@ devinb: "I think a better measure would be to start a timer when they click into the answer textbox." I've just mentioned if the timer starts by that clicking there is no information what the user did before and just pasted a prepared answered. It is hard to explain the first section since that links show what I mean, but I will try to rephrase –  Novemberland Jul 21 '10 at 14:51
    
In the first section, I don't understand which user (you or him) deserves (in your opinion) the higher rep. –  devinb Jul 21 '10 at 17:50
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@Novemberland: your proposal is really hard to read; please consider editing it for grammar or running your subsequent posts through a grammar and spelling checker. –  Ether Jul 21 '10 at 18:34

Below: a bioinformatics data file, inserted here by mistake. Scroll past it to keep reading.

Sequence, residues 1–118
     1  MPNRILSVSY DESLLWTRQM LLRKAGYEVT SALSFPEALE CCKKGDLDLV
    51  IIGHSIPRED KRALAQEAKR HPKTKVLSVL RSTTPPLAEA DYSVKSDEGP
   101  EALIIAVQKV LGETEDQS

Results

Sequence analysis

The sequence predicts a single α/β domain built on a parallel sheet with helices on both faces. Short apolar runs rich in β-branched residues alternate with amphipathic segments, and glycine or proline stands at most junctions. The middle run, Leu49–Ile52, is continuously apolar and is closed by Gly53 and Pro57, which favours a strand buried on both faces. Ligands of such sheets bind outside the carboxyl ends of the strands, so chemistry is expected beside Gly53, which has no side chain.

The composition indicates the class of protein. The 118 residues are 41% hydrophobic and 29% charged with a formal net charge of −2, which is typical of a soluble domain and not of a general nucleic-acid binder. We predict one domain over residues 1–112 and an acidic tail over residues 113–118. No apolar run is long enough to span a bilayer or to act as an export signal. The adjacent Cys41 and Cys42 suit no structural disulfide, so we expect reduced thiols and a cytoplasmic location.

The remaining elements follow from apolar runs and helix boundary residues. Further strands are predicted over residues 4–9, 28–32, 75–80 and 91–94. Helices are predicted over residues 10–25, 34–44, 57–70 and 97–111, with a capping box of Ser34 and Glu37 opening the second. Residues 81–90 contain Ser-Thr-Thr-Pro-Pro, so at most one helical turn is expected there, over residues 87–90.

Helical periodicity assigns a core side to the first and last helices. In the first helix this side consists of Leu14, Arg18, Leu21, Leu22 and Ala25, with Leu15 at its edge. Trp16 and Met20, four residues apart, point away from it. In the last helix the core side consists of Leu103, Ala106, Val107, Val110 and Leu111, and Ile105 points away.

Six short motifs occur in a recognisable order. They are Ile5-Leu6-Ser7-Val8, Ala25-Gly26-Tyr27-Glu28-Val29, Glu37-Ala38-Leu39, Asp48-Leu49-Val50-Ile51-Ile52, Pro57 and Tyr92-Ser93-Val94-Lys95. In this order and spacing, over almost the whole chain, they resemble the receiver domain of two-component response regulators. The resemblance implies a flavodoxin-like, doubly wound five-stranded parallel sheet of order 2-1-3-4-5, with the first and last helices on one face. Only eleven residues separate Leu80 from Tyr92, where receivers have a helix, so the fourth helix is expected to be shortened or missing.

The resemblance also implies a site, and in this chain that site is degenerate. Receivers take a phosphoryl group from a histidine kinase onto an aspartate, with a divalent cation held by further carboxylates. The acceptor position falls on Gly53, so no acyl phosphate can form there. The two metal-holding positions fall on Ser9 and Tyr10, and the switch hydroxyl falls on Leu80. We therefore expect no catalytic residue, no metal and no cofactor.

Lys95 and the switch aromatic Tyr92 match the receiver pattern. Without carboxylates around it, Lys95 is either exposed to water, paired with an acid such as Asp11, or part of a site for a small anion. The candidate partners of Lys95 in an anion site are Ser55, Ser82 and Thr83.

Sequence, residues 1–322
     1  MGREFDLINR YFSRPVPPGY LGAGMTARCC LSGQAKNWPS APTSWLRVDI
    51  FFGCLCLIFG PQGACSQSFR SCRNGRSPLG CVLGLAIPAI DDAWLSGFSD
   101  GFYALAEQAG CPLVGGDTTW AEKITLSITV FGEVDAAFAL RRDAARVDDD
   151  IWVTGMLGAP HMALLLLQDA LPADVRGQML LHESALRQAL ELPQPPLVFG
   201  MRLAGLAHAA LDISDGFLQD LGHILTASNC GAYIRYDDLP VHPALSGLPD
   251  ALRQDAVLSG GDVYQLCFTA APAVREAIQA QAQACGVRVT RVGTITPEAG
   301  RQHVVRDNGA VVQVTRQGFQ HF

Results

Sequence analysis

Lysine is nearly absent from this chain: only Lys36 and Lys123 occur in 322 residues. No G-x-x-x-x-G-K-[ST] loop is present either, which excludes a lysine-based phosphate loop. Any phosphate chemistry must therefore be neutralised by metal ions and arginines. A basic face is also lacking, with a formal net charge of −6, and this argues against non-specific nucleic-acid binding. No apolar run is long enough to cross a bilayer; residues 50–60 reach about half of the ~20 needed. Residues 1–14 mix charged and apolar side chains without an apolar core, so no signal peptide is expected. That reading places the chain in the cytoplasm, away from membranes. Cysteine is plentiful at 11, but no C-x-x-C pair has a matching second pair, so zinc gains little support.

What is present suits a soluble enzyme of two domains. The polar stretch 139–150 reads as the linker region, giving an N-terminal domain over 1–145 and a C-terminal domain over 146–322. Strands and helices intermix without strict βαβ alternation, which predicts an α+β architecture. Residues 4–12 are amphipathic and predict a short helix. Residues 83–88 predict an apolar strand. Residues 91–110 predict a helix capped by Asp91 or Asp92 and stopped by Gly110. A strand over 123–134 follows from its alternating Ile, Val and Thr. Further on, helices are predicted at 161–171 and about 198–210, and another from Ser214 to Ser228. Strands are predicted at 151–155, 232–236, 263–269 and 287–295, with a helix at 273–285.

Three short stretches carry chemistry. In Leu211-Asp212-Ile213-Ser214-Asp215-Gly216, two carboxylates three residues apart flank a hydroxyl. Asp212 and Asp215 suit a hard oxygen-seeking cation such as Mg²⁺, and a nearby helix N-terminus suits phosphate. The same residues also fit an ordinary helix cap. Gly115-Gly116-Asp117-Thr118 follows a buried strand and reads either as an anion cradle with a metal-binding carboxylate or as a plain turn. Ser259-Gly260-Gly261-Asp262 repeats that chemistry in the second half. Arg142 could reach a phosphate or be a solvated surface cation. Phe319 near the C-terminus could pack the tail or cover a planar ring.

@devinb: I mean he deserves –  Novemberland Jul 22 '10 at 13:34

3 Answers 3

This is a bizarre and certainly detrimental suggestion.

Case Study

A NASA Life-Support-System engineer and a coffee break flash game programmer are asked an identical fairly simple programming question.

Who will answer first? Lets assume they have a similar level of programming skill. However, the stakes of being wrong are completely different. One of them has to be thorough or millions of dollars will be wasted and people will die. The other of them has no such incentive to perfection.

Your suggestion would indicate that the Flash programmer is more competent simply because he answered quicker.

Problems

  1. Appealing to the audience will be rewarded
    It is fairly easy for me to very quickly create a glib answer. It will get upvotes. It will also be quicker, which makes it the "perfect" answer according to your system.

  2. Thorough answers are punished